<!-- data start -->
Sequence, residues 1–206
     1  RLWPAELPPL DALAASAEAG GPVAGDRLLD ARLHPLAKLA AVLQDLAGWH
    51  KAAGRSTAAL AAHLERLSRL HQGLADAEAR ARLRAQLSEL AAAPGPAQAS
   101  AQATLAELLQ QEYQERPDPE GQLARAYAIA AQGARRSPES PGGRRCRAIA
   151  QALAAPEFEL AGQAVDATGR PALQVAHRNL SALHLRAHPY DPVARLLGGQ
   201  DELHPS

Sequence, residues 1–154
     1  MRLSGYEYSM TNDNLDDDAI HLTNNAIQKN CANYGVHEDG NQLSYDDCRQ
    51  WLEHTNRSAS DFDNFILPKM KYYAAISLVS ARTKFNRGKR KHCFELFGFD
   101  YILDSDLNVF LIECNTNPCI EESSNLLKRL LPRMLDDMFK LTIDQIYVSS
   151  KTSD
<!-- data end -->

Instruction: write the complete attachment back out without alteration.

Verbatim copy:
Sequence, residues 1–206
     1  RLWPAELPPL DALAASAEAG GPVAGDRLLD ARLHPLAKLA AVLQDLAGWH
    51  KAAGRSTAAL AAHLERLSRL HQGLADAEAR ARLRAQLSEL AAAPGPAQAS
   101  AQATLAELLQ QEYQERPDPE GQLARAYAIA AQGARRSPES PGGRRCRAIA
   151  QALAAPEFEL AGQAVDATGR PALQVAHRNL SALHLRAHPY DPVARLLGGQ
   201  DELHPS

Sequence, residues 1–154
     1  MRLSGYEYSM TNDNLDDDAI HLTNNAIQKN CANYGVHEDG NQLSYDDCRQ
    51  WLEHTNRSAS DFDNFILPKM KYYAAISLVS ARTKFNRGKR KHCFELFGFD
   101  YILDSDLNVF LIECNTNPCI EESSNLLKRL LPRMLDDMFK LTIDQIYVSS
   151  KTSD